AdmitOne’s new tool to make subscription-based sites more profitable

admit1AdmitOne has built a security business with a technology, called keystroke dynamics, that can recognize who’s logging into an account by the pattern of the person’s typing.

Now it’s launching an analytics business that promises to boost business opportunities for its clients by measuring 200 different metrics when someone is logged in.

The heart of the Scout Analytics service still focuses on keystroke dynamics. It can tell, for instance, if multiple people are sharing a single subscription account and if they need to be told to pay for multiple subscriptions, says Matt Shanahan, senior vice president at AdmitOne.

Online subscriptions to information services is a $109 billion business, according to market researcher Outsell. More than 7,000 companies in 12 market segments use subscriptions as their primary business model to sell more than 25,000 products.

Scout Analytics, which the company has been testing since November, can pick up more than just whether or not people are sharing subscriptions. It can, for instance, tell (in a way that protects your privacy) whether you log on from home or via a laptop from a variety of locations. It tells how frequently you log in, what devices you use to do so, and what you do while logged on. If you’re engaged in a free trial, it can predict whether you’re using the service so much that you’re likely to become a permanent user. If your subscription renewal data is coming up and you start downloading as much information as possible, that’s evidence that you’re getting ready to defect to a rival or just end your subscription.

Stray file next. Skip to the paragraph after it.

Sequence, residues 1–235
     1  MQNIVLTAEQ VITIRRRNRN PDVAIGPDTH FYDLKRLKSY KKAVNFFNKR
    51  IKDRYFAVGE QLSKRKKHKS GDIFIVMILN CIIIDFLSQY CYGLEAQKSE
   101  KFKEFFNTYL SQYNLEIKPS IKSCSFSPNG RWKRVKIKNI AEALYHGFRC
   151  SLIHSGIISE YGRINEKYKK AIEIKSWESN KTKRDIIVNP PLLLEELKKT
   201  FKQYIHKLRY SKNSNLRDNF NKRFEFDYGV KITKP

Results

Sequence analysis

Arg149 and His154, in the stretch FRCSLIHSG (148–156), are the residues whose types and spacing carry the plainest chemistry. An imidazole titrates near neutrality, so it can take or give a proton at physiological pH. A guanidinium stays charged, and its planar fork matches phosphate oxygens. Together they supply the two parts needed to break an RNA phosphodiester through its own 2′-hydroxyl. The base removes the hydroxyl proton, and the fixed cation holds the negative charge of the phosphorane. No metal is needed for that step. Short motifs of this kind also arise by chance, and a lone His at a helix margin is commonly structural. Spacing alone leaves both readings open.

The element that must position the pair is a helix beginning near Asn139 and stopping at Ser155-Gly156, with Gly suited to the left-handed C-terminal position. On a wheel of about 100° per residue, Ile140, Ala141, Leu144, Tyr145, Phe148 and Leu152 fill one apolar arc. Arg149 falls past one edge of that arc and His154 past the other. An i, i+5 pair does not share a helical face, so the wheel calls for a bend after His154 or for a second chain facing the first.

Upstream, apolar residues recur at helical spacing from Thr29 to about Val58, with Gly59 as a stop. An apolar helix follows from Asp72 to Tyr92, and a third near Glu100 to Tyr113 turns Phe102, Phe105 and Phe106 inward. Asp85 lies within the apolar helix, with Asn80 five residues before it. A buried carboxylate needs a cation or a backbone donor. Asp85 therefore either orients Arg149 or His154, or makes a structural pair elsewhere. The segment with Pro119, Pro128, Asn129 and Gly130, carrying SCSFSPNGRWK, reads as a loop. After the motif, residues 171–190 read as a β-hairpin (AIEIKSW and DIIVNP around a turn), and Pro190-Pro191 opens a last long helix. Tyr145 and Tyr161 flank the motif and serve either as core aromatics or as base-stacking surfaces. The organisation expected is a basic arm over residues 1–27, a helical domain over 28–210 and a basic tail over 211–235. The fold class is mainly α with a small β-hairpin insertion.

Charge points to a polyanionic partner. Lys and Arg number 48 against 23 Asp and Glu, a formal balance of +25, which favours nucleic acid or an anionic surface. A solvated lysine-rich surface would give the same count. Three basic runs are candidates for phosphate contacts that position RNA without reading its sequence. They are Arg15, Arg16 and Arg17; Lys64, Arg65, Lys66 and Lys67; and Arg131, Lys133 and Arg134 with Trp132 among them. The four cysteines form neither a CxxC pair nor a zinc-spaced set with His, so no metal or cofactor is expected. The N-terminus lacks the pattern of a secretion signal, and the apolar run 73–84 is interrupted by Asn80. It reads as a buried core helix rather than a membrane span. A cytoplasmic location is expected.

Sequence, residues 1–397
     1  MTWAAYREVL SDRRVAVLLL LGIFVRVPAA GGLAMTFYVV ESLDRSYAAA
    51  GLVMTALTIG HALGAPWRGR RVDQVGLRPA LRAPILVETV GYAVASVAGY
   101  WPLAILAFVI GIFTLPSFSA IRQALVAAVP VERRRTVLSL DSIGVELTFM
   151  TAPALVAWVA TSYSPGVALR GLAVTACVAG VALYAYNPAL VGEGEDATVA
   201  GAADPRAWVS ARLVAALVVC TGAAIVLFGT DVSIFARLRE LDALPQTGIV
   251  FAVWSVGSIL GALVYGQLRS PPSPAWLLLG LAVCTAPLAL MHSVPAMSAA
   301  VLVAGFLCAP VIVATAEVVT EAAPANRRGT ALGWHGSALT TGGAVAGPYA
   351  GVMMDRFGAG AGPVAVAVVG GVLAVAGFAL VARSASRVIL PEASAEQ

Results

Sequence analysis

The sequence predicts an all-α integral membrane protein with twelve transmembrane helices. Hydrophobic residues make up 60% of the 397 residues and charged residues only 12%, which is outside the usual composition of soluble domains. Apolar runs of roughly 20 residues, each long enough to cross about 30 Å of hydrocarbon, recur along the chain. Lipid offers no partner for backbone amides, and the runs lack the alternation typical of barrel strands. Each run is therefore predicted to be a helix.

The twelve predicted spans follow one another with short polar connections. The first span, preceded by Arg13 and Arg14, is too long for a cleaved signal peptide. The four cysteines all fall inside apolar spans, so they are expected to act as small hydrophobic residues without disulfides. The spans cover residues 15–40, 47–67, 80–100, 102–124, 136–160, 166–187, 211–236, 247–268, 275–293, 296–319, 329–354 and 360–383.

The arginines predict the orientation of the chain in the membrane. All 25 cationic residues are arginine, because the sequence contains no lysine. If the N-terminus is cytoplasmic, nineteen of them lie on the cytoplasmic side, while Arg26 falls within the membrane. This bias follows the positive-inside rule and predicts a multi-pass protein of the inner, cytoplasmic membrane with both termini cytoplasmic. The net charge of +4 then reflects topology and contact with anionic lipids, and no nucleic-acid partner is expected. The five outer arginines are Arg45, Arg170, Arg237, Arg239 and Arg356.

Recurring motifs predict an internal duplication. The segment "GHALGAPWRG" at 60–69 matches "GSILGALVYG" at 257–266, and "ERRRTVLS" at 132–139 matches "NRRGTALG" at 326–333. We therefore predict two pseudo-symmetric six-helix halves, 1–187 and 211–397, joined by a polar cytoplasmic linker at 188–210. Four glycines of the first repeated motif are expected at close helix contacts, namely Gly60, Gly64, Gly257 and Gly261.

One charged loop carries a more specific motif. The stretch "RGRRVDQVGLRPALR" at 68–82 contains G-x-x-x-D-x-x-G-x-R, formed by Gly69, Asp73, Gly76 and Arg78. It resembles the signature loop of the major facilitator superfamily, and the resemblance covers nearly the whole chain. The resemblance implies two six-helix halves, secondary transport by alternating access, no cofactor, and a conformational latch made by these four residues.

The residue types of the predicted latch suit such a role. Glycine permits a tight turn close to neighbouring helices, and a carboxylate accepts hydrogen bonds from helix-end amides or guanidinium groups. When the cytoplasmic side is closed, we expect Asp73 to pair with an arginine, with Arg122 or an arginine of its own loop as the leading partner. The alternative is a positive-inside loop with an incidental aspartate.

scoutAll of this data can help companies recover revenue at a time when the recession is making every penny count.

Consider a typical service provider’s business. The companies spend so much on marketing to acquire new customers that it often takes 18 months to 24 months  of subscription fees to make the subscriber profitable. So it’s more important to retain or upsell customers that the company already has.

Scout Analytics can automatically detect patterns in usage and predict whether a subscriber will be receptive to an upgrade to a more expensive service.

Clients can subscribe to Scout Analytics and log in to its web site to get access to data. Scout Analytics can also send alerts to sales people to suggest what to do about certain subscribers.

The tests so far are promising. A Scout Analytics customer in the real estate subscription business found it could realize a 15 percent rise in membership numbers after using Scout Analytics for 90 days. Thanks to the keystroke dynamics detection of multiple users on a single account and the subsequent interaction with the subscribers, there’s a 30 percent reduction in the number of Internet addresses logging into the service.

In return, Scout Analytics charges a percentage of the revenue gain that results from its service. Shanahan said customers are going live with pilot tests in certain segments, such as financial services, in the coming weeks. Rivals include Cybersource, Omniture, Marin Software and Salesforce.com. But none of those companies has the benefit of the keystroke dynamics technology.


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